We kicked off the state park your with a stop at Newport State Park. I missed out on the biggest wildlife encounter while I rushed back to retrieve the camera right at the start of the journey. Luckily, my wife's keen eyes and ears spotted a two-foot yellow and black snake that I just caught a glance at as it slithered away from the trail.While I missed out on much of that excitement, I was able to enjoy the next three or so miles with my two favorite ladies. We took a trail near the shoreline. Seeing the rock formations and unique tree growth along large bodies of water just makes you realize how fascinating the power of water really is.
Being only two years old, I am continually impressed with Embry's endurance and excitement on the trail. Of course, her problem-solving is also enjoyable. Fallen trees, large rocks, and root systems have nothing on this little girl. In fact, she spends a good portion of time calling out every root and rock she sees while also apologizing to the roots and asking if they are OK after she steps on and over them. Very cute.
Embry loves her towers almost as much as she loves her trees. So, at our next stop, Peninsula State Park, the tower was a must see. In fact, it was our first stop.
After a trek up Eagle Tower, we enjoyed our usual exploration of the Sentinel Trail, fully adorned with signs and markers with facts about trees. Embry especially liked the "tree identification spinner."
We made it almost the entire way before Embry realized she was without her walking stick. Every time we hit the trail, she picks out a local stick and uses it for that day's adventure before leaving it for the next tyke hiker to enjoy.
Day two of the weekend started off at Whitefish Dunes State Park. Unfortunately, blustery winds and nagging lake flies cut our hike shorter than we may have liked, but taking a break inside the nature center and playing with the puppets was a welcome respite from the chilly breeze.
We did enjoy the soft sands and especially clear waters viewable from the beach Embry, of course, found a new stick to guide her trek along the shoreline.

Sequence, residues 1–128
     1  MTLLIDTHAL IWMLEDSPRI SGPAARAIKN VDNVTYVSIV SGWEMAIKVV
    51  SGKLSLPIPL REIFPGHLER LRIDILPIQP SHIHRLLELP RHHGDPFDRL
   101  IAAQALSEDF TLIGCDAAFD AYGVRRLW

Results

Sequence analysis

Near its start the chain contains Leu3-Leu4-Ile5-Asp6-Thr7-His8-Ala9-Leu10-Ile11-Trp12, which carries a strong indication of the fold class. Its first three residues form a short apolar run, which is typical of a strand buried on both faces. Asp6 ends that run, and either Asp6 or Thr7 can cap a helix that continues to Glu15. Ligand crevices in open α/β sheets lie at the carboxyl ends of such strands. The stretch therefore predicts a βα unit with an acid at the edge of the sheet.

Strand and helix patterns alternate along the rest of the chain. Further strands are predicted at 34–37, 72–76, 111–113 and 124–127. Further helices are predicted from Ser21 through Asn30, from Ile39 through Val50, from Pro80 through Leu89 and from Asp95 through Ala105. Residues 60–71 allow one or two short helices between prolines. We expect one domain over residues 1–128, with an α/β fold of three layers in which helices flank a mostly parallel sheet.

Adjacent to Whitefish Dunes was Cave Point County Park, so we made a quick stop and took in amazing limestone formations and more unique tree growth. Hopefully, our next visit will include some more sun and many fewer flies.
We saved Door County's southernmost state park for the finale as we headed to Potawatomi State Park. After finding the nature center closed (boo) and playing on a campsite playground (yay), we traveled the winding and pine-laden roads to get to Potawatomi Tower. Our little hikes of course made the trek extra long as she insisted on climbing each step herself.
Being a huge enthusiast of the Ice Age Trail, I finished up lunch with the family and ventured out and about on the segment from the tower for just a few minutes.
|I feel very "lucky" to be able to hike the Ice Age Trail. Apparently, so does someone else.|
Embry continued her usual terned of "bopping" every blaze she sees. Though this day's hike was short, the memories made will be long lasting. My wife snapped a picture of Embry and I at the eastern terminus rock, signifying the beginning (or end) of a long Ice Age Trail Journey. While I am nowhere near the 1,000-miler status, I couldn't help but think of all the people I know who took this very same picture to celebrate their amazing accomplishment. I look forward to being able to snap this picture again soon, with many more miles on my boots.
The week of hiking isn't over yet! This Saturday, I will be leading over 400 people from my school community at our inaugural Walk in the Woods event at Lapham Peak. I am looking forward to getting people out on the trail and hopefully motivating more people to enjoy hiking in Wisconsin on a more regular basis.